The iPhone X: An ode to ten years of iPhone design
Like many others, I was delighted to receive my iPhone X last week. Playing with it, I was amazed by the stunning screen, the sheer manufacturing precision and the smooth gestural interface.
I was also struck by how far it has come.
10 years ago, the first iPhones were in our hands and we were in awe at what a device its size could do. At the time, I also found the design of this device remarkable: it didn’t look like any other cellphone or Apple product. Its particular styling of metal and glass was a completely new thing. Apple would proceed to radically innovate in the industrial design of its iPhones for the next decade.
Looking at iPhone X, you can see how Apple has taken 10 years of those innovations in industrial design and essentially summarized it.
The iPhone X wraparound stainless steel band is an homage to the original, shiny-rimmed iPhone 2G:
Released in 2007, the iPhone 2G truly was quite a different device. Apple released both the iPod touch and the iPhone that year, but only the iPhone got the shiny metal band framing the screen.
This original incarnation of iPhone was followed by the iPhone 3G, the first iPhone to be entirely black, with a silver Apple logo on the back. The Space Grey iPhone X echoes this early aesthetic.
After the 3GS, it was followed by the iPhone 4 in 2010. iPhone 4 did something entirely new: the front and back were completely glass, a design feat that is also mirrored in the iPhone X.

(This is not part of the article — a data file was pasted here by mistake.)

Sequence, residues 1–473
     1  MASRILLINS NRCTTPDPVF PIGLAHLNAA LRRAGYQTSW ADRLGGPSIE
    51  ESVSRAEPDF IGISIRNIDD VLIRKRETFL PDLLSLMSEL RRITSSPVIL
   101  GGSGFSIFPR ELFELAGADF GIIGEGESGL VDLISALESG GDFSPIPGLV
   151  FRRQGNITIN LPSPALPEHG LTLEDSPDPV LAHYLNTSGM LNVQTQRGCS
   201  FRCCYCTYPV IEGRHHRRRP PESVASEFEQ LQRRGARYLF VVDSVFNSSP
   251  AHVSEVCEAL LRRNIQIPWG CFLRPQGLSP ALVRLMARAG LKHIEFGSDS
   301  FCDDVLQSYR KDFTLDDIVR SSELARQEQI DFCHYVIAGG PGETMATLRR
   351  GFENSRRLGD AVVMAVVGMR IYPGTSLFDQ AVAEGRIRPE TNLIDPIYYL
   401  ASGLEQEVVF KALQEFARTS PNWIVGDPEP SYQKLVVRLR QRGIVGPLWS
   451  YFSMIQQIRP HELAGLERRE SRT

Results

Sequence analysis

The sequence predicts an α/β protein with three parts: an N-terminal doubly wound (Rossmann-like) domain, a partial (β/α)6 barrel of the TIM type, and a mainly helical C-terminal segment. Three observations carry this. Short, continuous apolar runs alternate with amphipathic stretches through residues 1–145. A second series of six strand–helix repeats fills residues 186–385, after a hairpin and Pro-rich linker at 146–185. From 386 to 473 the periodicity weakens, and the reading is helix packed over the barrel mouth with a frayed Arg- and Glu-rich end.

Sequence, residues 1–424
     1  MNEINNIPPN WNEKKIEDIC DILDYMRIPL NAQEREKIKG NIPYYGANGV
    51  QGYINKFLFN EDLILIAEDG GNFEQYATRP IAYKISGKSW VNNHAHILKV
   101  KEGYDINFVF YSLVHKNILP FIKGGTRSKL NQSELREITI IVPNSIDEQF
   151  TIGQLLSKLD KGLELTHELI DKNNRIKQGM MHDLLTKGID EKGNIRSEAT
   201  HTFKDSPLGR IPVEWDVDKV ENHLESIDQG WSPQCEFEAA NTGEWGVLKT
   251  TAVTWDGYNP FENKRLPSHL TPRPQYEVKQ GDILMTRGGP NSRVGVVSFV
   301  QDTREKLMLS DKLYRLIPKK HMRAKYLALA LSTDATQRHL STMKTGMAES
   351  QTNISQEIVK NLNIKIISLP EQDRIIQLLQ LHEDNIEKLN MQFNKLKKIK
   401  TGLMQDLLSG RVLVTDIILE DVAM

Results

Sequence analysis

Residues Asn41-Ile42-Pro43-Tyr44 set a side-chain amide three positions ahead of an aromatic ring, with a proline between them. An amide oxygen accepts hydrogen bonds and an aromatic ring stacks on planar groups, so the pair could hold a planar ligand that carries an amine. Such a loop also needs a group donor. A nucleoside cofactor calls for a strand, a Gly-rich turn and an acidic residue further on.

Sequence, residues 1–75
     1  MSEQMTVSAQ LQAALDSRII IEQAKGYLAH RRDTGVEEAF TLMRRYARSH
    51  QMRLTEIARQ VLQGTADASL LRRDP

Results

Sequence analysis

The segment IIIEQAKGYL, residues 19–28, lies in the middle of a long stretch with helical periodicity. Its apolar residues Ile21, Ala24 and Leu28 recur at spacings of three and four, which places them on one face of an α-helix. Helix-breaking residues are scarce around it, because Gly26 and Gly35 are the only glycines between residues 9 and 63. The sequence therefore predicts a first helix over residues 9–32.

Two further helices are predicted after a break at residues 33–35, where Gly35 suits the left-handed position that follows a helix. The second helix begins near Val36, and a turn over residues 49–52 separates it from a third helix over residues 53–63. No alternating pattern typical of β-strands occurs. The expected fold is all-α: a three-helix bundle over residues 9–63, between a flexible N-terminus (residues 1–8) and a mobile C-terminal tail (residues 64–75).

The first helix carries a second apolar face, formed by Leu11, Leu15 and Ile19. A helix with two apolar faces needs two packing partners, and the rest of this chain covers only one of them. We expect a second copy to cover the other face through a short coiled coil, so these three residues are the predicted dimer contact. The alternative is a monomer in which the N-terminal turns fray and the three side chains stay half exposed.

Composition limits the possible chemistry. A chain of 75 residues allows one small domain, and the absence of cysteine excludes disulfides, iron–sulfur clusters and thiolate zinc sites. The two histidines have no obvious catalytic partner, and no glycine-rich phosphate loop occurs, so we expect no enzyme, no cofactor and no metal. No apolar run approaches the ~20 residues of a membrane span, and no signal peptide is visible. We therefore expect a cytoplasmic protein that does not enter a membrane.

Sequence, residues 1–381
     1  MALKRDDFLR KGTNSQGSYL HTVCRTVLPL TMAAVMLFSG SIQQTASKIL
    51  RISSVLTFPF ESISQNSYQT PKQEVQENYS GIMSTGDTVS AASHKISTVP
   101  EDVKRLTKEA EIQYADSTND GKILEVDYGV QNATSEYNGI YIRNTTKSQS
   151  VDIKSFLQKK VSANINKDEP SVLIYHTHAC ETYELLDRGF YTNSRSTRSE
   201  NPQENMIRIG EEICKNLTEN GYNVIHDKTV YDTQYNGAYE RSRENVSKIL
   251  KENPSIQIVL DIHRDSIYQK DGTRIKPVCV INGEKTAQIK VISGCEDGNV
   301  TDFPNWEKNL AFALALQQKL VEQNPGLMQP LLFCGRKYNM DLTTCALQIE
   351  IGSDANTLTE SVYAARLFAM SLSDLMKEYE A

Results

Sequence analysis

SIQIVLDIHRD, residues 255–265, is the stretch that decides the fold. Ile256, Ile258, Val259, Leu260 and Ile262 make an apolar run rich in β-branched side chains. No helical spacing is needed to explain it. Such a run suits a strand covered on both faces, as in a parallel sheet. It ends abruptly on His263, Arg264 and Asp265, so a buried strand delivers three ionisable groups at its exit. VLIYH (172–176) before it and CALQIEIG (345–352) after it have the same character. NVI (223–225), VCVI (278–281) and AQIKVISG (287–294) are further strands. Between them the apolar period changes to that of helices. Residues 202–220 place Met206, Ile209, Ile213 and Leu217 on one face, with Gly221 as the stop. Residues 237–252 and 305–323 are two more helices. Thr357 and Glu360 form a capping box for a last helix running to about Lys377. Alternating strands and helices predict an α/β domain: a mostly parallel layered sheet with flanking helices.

The iPhone 4 will always be one of my favorite iPhone designs. It’s timeless.
iPhone 5 built on the industrial design of the iPhone 4 and 4S, and was the first to black out the metal band. While the iPhone X’s Silver version has the polished steel look of the original iPhone, the Space Grey iPhone X has a blackened steel band – a style introduced with the iPhone 5.
I love the iPhone 5. To me, iPhone has always looked best in black, and the iPhone 5 was Apple’s love letter penned to the color black. It may have chipped on the chamfered edges and wasn’t long lived—iPhone 5S did away with the black in favor of a more grey Space Grey—it’s still one of the most gorgeous colorways iPhone ever came in.
I’m happy we’re seeing a return to form with the iPhone X.
Finally, the iPhone X builds on the design language first introduced with the iPhone 6 and onward. It uses the ergonomic, rounded case of the iPhone 6 and 6S, the uninterrupted, brilliant feeling of the Jet Black iPhone 7, and of course it features the glass back of the iPhone 8.
The iPhone X is a design that condenses the essence of every past iPhone and somehow transcends it to become something entirely new.
It is an ode to 10 years of iPhone.